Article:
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It’s A Casting Game Now….

First off....

This is a picture of a Longnose Gar, native to Michigan, and leftover from the from the Jurassic world.  These fish have been around for over 100 million years.  They have fantastic markings, put up a great fight, are difficult to land and you can more of less sight cast for them  All of this makes them, in our opinion, a perfect game fish.  Master Angler in Michigan is 32 inches for these fish.  In this picture, Henry lands a Master Angler Longnose Gar taping in at 36 inches.  We have submitted the Master Angler application to the DNR and Henry will receive a Master Angler patch, certificate and his name in the 2022 Master Angler book.  Nice work Henry!!!

Now for the rest of the report

The Grand River continues to be in great shape with some slight stain to clear water, depending on where you are in the system.  With that said, because of the clarity, it’s a casting game and accuracy matters to land fish with size.  Here’s the latest from the Grand River frontlines.

With the low clear water, fish are holding extremely tight to structure.  If you want to land smallmouth in the 17+ inch range, you’ll need to land your fly or lure literally right next to the logs, weed mats or any other cover they may be under.  If you are too far from it, they will not chase the fly or lure.  If you are spot on with your cast, you’ll be rewarded if there is a smallmouth there.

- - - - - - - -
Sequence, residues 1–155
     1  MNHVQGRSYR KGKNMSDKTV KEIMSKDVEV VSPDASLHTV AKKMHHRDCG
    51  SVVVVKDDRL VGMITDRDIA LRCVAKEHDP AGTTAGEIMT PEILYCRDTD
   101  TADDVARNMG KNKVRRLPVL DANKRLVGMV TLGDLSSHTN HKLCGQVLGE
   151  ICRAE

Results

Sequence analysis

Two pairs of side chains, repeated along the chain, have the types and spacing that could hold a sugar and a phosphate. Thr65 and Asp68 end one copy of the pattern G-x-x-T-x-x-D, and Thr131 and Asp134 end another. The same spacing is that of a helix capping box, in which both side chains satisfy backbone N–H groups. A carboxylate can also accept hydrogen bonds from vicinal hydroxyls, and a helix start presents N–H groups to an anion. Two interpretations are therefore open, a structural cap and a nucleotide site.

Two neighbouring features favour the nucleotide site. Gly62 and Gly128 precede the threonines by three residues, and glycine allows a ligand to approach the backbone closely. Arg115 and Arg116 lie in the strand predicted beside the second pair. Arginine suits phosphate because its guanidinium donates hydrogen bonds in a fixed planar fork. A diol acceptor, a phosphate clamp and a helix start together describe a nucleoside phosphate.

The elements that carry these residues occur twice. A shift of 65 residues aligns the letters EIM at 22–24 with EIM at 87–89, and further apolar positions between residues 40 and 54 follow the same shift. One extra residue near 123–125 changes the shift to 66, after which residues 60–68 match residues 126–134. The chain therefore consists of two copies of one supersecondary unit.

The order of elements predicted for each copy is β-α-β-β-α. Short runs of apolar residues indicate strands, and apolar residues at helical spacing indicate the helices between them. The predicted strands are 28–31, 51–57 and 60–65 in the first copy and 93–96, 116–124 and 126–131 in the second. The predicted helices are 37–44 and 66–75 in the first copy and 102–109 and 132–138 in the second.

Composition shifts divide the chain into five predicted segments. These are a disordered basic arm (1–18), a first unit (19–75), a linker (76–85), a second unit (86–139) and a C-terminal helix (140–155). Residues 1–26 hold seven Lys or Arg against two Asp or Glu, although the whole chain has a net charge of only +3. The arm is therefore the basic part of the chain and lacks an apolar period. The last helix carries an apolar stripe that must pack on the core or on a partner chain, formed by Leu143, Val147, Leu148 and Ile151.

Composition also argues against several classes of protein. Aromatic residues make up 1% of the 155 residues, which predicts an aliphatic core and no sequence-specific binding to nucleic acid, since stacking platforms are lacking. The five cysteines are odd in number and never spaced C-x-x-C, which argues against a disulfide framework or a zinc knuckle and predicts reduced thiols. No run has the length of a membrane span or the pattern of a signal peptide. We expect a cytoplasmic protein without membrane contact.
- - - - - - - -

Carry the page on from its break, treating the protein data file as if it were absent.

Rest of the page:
The flies of choice have been brightly colored flies in yellow, orange, white and chartreuse with some flash mix in.  You’ll need flies, that as you cast to the structure, can hover with a very slow sink rate to elicit the strike.  We have been and continue use Scientific Anglers Tropical Clear line for the best results.  

If you're new to fishing.......

If you’re new to fishing and may not have the most accurate cast, don’t worry, we’re still bringing fish to net but they are more cookie cutter sizes in the10 to 12 inch range.  This still makes for a fun day, as they can still cork a rod over.  

This time of year, it’s more a finesse game on the conventional side. We’re using ned rigs in the TRD and Big TRD sizes, tubes, swim jigs and flukes.  The color’s we’re seeing the most success on, are green pumpkin, anything with chartreuse in it, white, black and PB & J.  The key is to, again, fish near structure like rock piles and in the deeper sections of the river.  Fish it slow, with an almost bottom bounce / dredging like technique.  

Summer has been going well for us and as you can see we continue to bring fish to net.  If you’re looking to get on the river, give us call and get on our calendar.  August, September and October can be some of the finest smallmouth fishing on of the year.  

Capt. Tom Werkman

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